Mental Health Tips on How to Cope With the Covid-19 Pandemic

Posted at 5:09 PM, Apr 22, 2020
and last updated 2020-04-22 17:09:58-04

In our rebound series, we’re focusing on ways to help you get back on track during and after the COVID-19 pandemic.

As the number of Coronavirus cases increase across the country and in South Florida, so is our anxiety and stress.

“I have this attitude that I’m not gonna complain about the fact that our lives obviously have been turned inside out and upside down,” said Anna del Rio Chong.

Anna is trying to stay positive during this difficult time.

“On the first day of the pandemic, when the kids had to start homeschooling, we actually moved houses. It wasn’t planned that way, it just ended up happening. So, we’ve been living under construction with three kids, three schools, plus trying to work,” said Anna.

But when the mother of three thinks about the upsides of the Coronavirus pandemic, she thinks about how she and her family spend more time together.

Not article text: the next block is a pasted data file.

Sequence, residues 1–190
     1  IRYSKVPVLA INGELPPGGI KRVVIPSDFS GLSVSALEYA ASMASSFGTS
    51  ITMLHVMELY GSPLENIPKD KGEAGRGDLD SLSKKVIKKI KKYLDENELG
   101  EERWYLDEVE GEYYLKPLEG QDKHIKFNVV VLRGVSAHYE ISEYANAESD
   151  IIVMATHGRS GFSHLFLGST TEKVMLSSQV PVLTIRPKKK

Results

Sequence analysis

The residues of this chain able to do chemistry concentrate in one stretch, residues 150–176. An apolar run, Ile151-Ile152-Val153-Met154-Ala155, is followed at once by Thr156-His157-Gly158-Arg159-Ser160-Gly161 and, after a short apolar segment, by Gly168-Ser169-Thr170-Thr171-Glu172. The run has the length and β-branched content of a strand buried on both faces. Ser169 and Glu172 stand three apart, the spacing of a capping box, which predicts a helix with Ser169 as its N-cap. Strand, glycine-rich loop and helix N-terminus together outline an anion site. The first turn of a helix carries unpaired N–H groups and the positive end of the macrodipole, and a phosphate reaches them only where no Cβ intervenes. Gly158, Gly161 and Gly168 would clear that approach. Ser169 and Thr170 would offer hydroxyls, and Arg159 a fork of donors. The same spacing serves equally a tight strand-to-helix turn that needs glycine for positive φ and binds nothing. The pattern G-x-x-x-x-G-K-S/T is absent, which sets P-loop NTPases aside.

“My husband and I have breakfast together in the morning by ourselves, really early. Lunch, I’m with the kids while he’s working. At night, no cell phones, no TVs, no distractions, and we all have dinner together,” said Anna.

The downside?

“It’s very overwhelming,” said Anna.

Anna is just one of the hundreds of thousands of South Floridians feeling this way.

Dr. Amanda Patterson owner of “Caring Therapists of Broward” says it’s important to stay present.

“There has to be a balance between the future and the present. We don’t really know what’s going to happen in the future. So many things can happen, and I think we’ve learned that the hard way during this process,” said Patterson.

Patterson says parents should have daily conversations with their children, be gentle with them, and incorporate ways to reduce tension and stress.

“When we are working with people who are trying to lift a depression, we tell them to increase pleasurable activities. It’s the same thing right now. Increase pleasurable activities, whatever that is for you. Whether it’s doing a puzzle, playing boardgames, baking something new, and even in the future when you are not stressed, this is good reminder to bring fun,” said Patterson.

For Anna, she is thankful for her family and recommends others do what she does, just take things one day at a time.

“We’ll survive, we’ll live to tell,” said Anna.

If you need help, or if you want to schedule an appointment with Dr. Patterson, head to